Review: Charming by Elliott James

charming by elliott jamesFormat read: ebook provided by the publisher via NetGalley
Formats available: paperback, ebook, audiobook
Genre: urban fantasy
Series: Pax Arcana #1
Length: 366 pages
Publisher: Orbit
Date Released: September 24, 2013
Purchasing Info: Author’s Website, Publisher’s Website, Goodreads, Amazon, Barnes & Noble, Kobo, Book Depository

John Charming isn’t your average Prince…

He comes from a line of Charmings — an illustrious family of dragon slayers, witch-finders and killers dating back to before the fall of Rome. Trained by a modern day version of the Knights Templar, monster hunters who have updated their methods from chainmail and crossbows to kevlar and shotguns, he was one of the best. That is — until he became the abomination the Knights were sworn to hunt.

That was a lifetime ago. Now, he tends bar under an assumed name in rural Virginia and leads a peaceful, quiet life. One that shouldn’t change just because a vampire and a blonde walked into his bar… Right?

My Review:

I’m not sure why, but when I originally picked this up, I thought it was going to be slightly cutesy. I think it might have had something to do with the whole “Charming” name. The mental trail went from Charming to Prince Charming to fairy tales to cutesy.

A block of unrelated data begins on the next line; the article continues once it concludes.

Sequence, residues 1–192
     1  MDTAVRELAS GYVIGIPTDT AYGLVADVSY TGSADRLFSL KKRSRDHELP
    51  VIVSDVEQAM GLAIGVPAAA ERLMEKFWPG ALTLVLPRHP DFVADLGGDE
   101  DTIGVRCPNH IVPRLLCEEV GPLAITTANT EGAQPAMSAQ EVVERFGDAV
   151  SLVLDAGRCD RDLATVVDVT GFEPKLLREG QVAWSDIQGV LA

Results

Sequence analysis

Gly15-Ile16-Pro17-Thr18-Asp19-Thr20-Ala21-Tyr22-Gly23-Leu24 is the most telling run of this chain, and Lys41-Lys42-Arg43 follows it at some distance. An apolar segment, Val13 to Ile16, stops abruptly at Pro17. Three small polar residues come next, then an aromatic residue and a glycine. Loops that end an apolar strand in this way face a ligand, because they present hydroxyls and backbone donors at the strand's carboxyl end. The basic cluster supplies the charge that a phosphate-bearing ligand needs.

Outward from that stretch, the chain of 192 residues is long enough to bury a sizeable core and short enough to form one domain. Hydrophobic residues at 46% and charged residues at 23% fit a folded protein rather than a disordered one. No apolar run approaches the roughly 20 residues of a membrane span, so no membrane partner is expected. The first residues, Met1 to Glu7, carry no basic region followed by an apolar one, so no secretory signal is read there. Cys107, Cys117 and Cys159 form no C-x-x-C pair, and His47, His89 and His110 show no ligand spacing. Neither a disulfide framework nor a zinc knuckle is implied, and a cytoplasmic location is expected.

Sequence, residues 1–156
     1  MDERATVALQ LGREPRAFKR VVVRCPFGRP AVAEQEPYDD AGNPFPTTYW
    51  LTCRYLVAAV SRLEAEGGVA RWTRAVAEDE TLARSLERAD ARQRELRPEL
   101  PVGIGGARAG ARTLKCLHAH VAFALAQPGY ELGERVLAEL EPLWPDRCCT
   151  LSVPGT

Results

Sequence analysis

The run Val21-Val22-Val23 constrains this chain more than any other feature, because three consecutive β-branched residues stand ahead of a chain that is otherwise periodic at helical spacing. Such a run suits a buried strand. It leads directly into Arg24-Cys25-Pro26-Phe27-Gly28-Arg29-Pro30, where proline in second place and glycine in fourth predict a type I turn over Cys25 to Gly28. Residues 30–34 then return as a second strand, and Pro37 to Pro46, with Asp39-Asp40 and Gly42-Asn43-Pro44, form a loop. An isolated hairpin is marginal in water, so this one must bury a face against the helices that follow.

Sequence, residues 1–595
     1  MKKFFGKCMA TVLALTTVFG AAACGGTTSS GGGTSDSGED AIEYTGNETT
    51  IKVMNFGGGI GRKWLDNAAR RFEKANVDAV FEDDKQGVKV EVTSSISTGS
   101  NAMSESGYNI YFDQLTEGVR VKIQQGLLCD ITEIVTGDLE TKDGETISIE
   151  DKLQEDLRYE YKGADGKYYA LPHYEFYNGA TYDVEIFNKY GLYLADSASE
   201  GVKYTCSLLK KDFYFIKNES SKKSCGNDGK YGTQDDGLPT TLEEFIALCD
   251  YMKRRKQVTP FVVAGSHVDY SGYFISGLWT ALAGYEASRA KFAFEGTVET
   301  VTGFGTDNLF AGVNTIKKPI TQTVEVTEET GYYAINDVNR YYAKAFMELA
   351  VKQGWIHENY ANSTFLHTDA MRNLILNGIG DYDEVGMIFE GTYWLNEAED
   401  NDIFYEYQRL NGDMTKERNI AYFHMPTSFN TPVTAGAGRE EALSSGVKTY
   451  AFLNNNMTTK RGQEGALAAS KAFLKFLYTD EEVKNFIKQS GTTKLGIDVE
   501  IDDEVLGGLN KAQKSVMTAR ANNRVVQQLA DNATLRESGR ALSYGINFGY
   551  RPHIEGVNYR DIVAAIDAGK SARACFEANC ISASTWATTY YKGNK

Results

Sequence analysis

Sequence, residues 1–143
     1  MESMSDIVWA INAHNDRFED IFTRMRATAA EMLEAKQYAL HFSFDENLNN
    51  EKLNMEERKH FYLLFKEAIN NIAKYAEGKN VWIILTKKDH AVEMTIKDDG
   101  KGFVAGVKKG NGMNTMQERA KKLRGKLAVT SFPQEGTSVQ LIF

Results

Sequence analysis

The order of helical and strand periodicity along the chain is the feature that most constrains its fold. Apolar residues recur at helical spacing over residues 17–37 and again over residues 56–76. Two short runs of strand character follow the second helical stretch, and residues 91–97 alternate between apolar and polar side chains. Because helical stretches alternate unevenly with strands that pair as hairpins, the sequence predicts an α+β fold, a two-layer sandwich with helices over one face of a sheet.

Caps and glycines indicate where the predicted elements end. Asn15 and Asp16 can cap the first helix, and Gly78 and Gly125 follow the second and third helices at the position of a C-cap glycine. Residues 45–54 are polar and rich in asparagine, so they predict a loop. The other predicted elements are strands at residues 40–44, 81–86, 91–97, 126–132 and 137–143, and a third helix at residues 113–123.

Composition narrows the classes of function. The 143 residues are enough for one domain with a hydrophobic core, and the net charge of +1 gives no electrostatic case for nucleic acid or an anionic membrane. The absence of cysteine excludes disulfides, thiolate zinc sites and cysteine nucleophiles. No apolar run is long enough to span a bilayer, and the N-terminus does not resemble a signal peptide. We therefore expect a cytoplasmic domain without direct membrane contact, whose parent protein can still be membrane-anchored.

Having read Charming, I can see just how off-base I was, and in a good way. There is a connection between John Charming and Prince Charming, but not the way I thought. The book Charming is urban fantasy of the kick-ass anti-hero school, where the hero and monster hunter is none too sure whether or not he’s one of the monsters himself.

And the kind of dark and gritty world where bad things happen to good people every bit as often, sometimes moreso, as bad things happen to bad people. Or bad monsters. Or just bad things.

This is also a story where the vampires are very definitely the bad guys, and where the werewolves may or may not be much better.

The setup for this particular urban fantasy world is pretty awesome. It’s the Pax Arcana, and as a founding myth, it’s rather cool. The concept is that there has always been magic in the world. The supernatural has always walked (or slithered, or whatever) among us. But, and it’s a very big but, when the fae folk left our world for wherever, they left behind a powerful spell that prevents any normal human from truly seeing all that magical weirdness that happens all around us.

And being tricksy fae, they also created an all too human group of Pax enforcers and scattered them all over the world, under a magical compulsion that makes them fight the supernatural and protect mankind. It also makes them reproduce so that they make new generations of guardians to protect the world.

The internet is making their lives a bit difficult, something that will probably feature more in later books.

This story, and the series, centers on John Charming. He’s supposed to be one of those Knight-enforcer types, but something went seriously wrong. His mother was bitten by a werewolf just before he was born. He might be a werewolf. He might not, But his former colleagues have decided that whatever he is, he’s an abomination who must be eliminated. They keep trying, often with catastrophic results and collateral damage. Their neverending hunt keeps John alone and on the run.